By Marla Orenstein
Published in The Hill Times
July 16, 2019
At a challenging time for national unity and the state of our federation, federal Natural Resources Minister Amarjeet Sohi decided to poke Canadians in the eye.
In an article that appeared in both the Calgary Herald and the Edmonton Journal (“New pipeline law will get projects built through trust”), Sohi attempted to justify the passage of Bill C-69—now the new Impact Assessment Act—by mischaracterizing both the previous environmental assessment system and the amendments that were proposed by the Senate. He did this in a way that further turns up the heat on partisan politics—at a time when exactly the opposite is needed. He also showed a lack of understanding of how capital investment works, which is more than a little concerning coming from the minister of natural resources.
Here’s the problem.
First, Sohi’s piece is rife with misinformation—or maybe disinformation. It implies that the TMX project was overturned by the court because of corners cut by the project proponent or the National Energy Board. Not only is this simply false, it ignores the fact that the Federal Court of Appeal’s decision hinged on the inadequacy of the federal government’s own response to concerns raised by Indigenous groups. Not the NEB or the project proponent. The government. This government. Minister Sohi’s government.
Second, the implication that the previous regulatory system for project reviews “cut corners” or abandoned its responsibility to protect the environment and protect Indigenous rights is absurd. While it was certainly imperfect and in need of an overhaul, it demonstrably did not fail in the way that Sohi states.
Third, the minister mischaracterizes the amendments that were put forward by the Conservative Senators. We have gone line-by-line through all the amendments proposed by the Senate. Many good amendments were passed. But the majority of amendments that were rejected were also ones that would have strengthened the process. They focused on efficient management and timeliness of the IA process; brought in the technical expertise of the lifecycle regulators; and strengthened the independence of the new Impact Assessment Agency.
What was wrong with these proposed amendments? There is only one explanation, and it is unsatisfactory: partisan politics. Amendments were accepted or rejected based not on their merit, but rather on who proposed them.
Furthermore, Sohi’s claim that Conservative amendments “would make the consideration of Indigenous rights optional, and one that would make environmental protections optional” is misleading at best. The amendment he refers to would have allowed the environment minister to tailor a list of 19 factors to be considered in the assessment—including but certainly not limited to environmental impacts and Indigenous rights—to only those which are relevant to the specific project and context. Hardly what the minister implies.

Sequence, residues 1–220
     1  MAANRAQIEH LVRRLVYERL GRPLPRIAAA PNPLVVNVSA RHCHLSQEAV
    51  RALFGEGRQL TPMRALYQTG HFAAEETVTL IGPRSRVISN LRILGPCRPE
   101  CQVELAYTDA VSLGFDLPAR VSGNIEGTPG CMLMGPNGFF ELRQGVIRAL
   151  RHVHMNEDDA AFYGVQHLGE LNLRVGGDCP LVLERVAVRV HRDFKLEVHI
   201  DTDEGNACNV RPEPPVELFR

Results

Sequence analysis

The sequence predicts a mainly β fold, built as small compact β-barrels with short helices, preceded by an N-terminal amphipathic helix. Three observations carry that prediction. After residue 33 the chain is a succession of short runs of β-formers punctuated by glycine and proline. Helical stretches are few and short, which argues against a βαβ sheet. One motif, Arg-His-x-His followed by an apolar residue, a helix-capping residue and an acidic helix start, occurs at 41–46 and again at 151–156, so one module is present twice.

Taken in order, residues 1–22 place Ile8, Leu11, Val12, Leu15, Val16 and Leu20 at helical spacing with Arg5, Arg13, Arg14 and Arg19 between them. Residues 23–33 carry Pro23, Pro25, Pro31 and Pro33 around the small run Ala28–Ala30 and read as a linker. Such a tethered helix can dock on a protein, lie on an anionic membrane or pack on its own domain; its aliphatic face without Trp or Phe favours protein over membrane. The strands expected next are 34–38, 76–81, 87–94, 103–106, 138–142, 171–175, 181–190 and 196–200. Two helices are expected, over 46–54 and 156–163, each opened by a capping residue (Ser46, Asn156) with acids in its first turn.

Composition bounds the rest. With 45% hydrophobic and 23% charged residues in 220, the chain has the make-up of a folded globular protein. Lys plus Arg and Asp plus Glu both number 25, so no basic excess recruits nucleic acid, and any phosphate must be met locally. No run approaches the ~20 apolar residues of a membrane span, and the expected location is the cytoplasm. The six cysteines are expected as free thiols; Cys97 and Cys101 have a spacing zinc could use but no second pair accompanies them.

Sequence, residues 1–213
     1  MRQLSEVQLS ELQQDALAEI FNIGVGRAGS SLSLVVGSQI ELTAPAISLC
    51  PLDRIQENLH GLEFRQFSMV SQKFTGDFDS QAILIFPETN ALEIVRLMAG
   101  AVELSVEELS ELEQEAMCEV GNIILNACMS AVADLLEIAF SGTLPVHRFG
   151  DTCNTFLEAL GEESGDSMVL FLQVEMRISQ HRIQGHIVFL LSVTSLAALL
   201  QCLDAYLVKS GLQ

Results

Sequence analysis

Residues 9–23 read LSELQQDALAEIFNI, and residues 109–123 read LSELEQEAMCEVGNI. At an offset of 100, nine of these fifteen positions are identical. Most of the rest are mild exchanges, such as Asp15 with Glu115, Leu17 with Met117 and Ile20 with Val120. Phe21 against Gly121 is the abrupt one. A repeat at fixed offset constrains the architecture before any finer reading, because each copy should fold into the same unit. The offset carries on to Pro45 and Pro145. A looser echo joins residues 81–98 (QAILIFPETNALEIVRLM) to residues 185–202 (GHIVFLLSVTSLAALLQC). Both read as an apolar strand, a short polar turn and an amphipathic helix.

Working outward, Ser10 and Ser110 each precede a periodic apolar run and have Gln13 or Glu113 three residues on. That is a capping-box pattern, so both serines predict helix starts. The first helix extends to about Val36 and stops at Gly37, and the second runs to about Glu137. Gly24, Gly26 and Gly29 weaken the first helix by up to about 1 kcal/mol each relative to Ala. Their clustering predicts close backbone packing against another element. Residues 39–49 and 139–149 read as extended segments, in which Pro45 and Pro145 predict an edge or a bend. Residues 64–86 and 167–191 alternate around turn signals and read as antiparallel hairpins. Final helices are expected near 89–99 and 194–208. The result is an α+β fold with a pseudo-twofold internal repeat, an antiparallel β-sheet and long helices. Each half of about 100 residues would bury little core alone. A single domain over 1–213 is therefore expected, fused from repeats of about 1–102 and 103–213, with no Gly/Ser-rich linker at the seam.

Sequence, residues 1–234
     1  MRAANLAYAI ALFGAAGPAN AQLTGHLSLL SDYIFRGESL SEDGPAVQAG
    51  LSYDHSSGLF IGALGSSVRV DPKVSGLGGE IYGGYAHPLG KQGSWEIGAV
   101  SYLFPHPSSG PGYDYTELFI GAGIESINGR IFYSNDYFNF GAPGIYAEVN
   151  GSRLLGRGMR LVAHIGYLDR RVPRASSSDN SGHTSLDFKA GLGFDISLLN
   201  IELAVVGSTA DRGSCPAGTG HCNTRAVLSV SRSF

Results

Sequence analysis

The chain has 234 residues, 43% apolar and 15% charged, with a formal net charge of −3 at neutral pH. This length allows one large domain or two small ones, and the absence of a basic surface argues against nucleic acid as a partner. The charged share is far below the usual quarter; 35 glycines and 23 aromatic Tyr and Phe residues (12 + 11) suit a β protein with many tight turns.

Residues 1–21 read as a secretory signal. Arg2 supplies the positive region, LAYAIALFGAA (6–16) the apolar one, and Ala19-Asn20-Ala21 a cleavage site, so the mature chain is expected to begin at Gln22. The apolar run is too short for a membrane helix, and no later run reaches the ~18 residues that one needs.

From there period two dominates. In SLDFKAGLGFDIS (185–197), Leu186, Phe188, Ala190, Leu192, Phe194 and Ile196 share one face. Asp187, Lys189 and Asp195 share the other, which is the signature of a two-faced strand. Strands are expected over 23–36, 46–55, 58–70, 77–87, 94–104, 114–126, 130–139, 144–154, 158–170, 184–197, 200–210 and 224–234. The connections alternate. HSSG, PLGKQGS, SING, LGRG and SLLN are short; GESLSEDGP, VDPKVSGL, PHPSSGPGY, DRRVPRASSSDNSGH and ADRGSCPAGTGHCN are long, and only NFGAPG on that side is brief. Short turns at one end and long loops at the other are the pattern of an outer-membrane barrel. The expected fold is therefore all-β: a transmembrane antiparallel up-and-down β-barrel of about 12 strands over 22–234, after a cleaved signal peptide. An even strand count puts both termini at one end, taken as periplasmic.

But perhaps the most absurd claim of all is that the new legislation—Bill C-69—“got it right” and is a “system that has the confidence of Canadians.” To be clear, there are elements of this legislation that are an improvement on the previous system, and now that the bill has passed, it is time to move forward. But the response to this bill—public protests for and against, cross-country hearings and a landmark number of amendments proposed by the all-party Senate committee—clearly show that this bill remained, until the final hour—and still remains—highly contentious and contested. In addition, a wide range of economic experts from industry, the financial sector and think tanks still predict that the bill will have a chilling effect on Canada’s investment climate, and be devastating for the energy sector. If industry can’t survive under the conditions created under the new Act, isn’t that a problem not just for industry but the economy and indeed the country? Even though the bill has passed, the prognosis is not sunny days ahead.
Finally, this article perpetuates a divisive narrative that—in addition to being inaccurate—hurts the country. The minister’s comments continue the government’s use of this legislation as a political wedge. A bill as important as this in terms of its impacts on the economy, the environment and Indigenous reconciliation needs to bring together people from all sides. Instead, the government has continued to use the passage of the bill as a way to split Indigenous groups between those who support projects and those who don’t, and to pit region against region.
What is needed now is for the federal government—and its ministers—to start extending a hand and rebuilding confidence among all parties who are involved in the impact assessment process—communities, Indigenous groups and industry alike. Sohi’s tone-deaf position does the exact opposite.
As our minister of natural resources, Sohi should know better.
Marla Orenstein is the director of the Natural Resources Centre at the Canada West Foundation.